By any measure, the warlords of Mindanao outdid themselves on November 23 last year, with the sheer callousness of the massacre that left 57 people dead and half-buried in mass graves thrusting their bloody local differences back into newspapers around the world.
For years, foreign editors have preferred to ignore the civil conflict that has dominated the region since the 1970s. The fact is life on the west coast of Mindanao can be just as dangerous as the southern provinces of Afghanistan or the hinterland of Iraq. But a combination of fatigue and a lack of relevance to the outside world had pushed the insurgencies and tragedies of Philippine militia life firmly towards the bottom of the international news agenda.
There were exceptions–in 2000, for example, when local bandits masquerading as freedom fighters crossed the maritime border into Malaysia and began kidnapping Western tourists and ransoming them off.
That outfit was the Abu Sayyaf Group (ASG) which, along with the regional terrorist group Jemaah Islamiyah (JI), grew in notoriety once their ties to Islamic independence groups in Mindanao were laid bare in the aftermath of the 2001 terrorist strikes against New York and Washington.
It was then that the United States declared the Philippines the second front in its ‘War on Terror’ and poured millions of dollars into the country’s south, dispatching troops and advisors in an attempt to shore-up the position of Filipino President Gloria Arroyo.
At that point, Arroyo had only just replaced her predecessor Joseph Estrada, but was already providing a welcome relief for traditional allies of the Philippines who had lost patience with the gross corruption that had thrived over the previous three years.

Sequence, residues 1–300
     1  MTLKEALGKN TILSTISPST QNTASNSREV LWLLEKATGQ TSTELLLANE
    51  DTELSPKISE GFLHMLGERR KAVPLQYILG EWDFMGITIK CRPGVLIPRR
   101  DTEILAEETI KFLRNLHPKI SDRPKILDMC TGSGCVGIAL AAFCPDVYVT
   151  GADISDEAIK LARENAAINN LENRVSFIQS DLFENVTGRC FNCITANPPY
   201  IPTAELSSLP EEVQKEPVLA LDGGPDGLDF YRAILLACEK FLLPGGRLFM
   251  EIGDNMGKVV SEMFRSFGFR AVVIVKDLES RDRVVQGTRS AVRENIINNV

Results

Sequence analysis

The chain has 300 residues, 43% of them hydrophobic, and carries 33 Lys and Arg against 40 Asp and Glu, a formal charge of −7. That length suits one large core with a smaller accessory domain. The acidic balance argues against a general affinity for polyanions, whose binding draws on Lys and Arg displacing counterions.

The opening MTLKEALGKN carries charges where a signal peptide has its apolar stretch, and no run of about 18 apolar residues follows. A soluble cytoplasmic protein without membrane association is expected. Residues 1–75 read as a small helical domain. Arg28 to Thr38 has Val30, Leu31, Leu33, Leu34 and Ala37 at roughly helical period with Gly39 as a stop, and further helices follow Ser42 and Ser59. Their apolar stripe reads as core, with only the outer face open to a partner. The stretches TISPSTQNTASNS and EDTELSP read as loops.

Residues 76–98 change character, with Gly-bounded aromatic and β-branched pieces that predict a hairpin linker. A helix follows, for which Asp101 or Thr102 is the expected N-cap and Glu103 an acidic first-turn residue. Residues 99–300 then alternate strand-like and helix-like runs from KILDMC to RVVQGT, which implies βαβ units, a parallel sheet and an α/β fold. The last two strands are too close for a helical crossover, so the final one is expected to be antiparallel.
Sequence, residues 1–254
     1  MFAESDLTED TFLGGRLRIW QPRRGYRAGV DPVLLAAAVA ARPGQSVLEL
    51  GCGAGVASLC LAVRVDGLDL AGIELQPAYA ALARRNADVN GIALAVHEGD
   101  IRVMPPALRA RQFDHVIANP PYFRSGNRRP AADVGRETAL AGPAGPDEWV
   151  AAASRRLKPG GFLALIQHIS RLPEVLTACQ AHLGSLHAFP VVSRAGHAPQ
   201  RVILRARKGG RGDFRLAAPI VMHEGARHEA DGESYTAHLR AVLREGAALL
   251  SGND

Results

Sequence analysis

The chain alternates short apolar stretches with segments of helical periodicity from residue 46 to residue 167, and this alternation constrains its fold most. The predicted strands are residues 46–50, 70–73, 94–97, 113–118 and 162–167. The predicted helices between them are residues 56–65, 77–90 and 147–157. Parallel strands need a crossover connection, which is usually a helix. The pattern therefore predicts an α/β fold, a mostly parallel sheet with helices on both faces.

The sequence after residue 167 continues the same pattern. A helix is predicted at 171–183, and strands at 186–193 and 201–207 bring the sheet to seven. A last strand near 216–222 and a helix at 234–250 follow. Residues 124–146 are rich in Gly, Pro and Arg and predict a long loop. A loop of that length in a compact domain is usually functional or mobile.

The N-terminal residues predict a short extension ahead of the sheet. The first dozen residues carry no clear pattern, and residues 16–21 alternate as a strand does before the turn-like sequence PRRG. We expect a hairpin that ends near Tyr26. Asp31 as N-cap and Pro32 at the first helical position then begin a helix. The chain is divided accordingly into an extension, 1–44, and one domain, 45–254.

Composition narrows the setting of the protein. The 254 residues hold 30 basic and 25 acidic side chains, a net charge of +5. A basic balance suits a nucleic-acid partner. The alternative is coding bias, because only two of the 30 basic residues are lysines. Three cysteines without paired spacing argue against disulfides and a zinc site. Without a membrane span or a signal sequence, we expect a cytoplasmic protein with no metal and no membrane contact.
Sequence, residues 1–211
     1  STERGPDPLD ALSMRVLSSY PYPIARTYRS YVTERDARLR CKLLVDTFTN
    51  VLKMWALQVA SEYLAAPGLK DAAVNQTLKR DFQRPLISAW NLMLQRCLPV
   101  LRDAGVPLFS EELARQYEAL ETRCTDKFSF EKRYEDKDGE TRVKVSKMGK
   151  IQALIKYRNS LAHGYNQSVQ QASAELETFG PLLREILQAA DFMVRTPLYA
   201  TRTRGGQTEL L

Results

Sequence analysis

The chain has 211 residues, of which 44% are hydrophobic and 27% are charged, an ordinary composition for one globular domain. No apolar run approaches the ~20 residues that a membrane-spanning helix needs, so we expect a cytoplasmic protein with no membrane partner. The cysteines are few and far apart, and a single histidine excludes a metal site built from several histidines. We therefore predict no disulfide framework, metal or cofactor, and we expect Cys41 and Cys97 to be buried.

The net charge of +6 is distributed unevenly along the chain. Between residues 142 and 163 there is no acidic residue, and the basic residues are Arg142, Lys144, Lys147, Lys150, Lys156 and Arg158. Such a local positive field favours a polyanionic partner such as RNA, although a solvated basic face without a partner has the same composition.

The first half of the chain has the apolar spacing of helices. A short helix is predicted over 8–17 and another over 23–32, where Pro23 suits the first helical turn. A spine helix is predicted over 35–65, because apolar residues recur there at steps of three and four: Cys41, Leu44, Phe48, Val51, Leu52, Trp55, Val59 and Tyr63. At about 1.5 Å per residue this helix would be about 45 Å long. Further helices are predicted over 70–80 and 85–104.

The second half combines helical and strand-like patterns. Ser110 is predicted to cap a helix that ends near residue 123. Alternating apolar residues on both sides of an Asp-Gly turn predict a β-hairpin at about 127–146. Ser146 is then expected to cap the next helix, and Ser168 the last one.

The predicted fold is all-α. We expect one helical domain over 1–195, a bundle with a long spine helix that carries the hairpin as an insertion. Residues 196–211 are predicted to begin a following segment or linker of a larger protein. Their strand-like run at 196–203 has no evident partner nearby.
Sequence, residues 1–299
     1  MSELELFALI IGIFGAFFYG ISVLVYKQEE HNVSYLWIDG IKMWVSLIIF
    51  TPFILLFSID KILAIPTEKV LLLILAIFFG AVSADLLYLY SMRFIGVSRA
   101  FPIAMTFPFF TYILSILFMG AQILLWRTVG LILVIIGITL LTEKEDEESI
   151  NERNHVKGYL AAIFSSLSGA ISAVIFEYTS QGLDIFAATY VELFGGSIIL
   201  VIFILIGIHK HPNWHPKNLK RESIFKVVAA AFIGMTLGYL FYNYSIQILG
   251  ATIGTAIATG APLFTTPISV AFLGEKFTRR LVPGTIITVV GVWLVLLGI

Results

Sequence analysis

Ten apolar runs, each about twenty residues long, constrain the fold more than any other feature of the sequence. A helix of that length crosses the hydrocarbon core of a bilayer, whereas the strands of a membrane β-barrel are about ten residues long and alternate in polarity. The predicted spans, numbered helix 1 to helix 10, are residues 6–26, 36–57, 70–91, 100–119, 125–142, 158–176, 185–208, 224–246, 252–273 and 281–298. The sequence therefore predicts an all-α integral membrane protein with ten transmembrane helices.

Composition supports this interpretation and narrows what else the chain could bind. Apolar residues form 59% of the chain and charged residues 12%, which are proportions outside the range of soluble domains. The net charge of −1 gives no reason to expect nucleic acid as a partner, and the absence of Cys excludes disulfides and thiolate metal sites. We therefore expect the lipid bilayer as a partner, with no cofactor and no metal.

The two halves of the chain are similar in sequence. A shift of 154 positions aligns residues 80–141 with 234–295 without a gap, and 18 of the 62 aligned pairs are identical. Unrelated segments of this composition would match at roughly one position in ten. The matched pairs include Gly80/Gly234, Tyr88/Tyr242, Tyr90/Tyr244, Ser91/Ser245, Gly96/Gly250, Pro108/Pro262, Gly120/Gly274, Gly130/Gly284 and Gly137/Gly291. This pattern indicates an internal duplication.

However, the massacre has highlighted troubling inconsistencies in relations between the government and the powerful family militias. And, with a general election scheduled for May, the incident has raised serious doubts about US efforts so far in combating insurgencies and securing the area.
Insurgents, Guns and Clans
Al Jacinto’s family has published the Mindanao Examiner for four years. It’s a typical local newspaper, and one that takes home-town issues to a level noticeable to outsiders.
Jacinto wears many hats: publisher, reporter, editor, sales executive.
He has covered the civil war in Mindanao and surrounding islands from all angles and broadened the family’s interests into film and TV production with cable channels in Basilan, Sulu and Zamboanga City.
When news of the single biggest massacre of journalists in history broke, Jacinto says he was interviewing the regional army spokesman in central Mindanao.
‘I was holding back tears,’ he says. ‘The killings of the journalists came as a shock to all of us. I have some friends who were brutally killed.’
‘We live in a small world in the Philippines–anything bad that happens to a journalist is one deadly stab in our heart. We’re journalists; we are only messengers of truth.’
The trigger for the massacre was a decision by Esmail ‘Toto’ Mangudadatu to enter the race for the governorship of Maguindanao Province, which was run as a private fiefdom by the Ampatuan family for the previous decade under the political patronage of Manila.
The slaughter in November was immediately blamed on the Ampatuans, any challenge to the authority of whom had been most unwelcome. But the bloodiness of their capabilities was tragically underestimated that day.
A convoy of 31 journalists and 16 political activists and supporters set off to file a certificate of candidacy on behalf of Toto, who planned to run against Andal Jr. Ampatuan in upcoming elections.
However, the convoy was ambushed by 100 armed men and steered off the main road where the men and women, including Toto’s wife and sister, were shot with M-16s or butchered with machetes before being buried in hastily dug shallow graves.
Another 10 witnesses who happened to be passing by suffered the same fate. The bodies of the women were mutilated.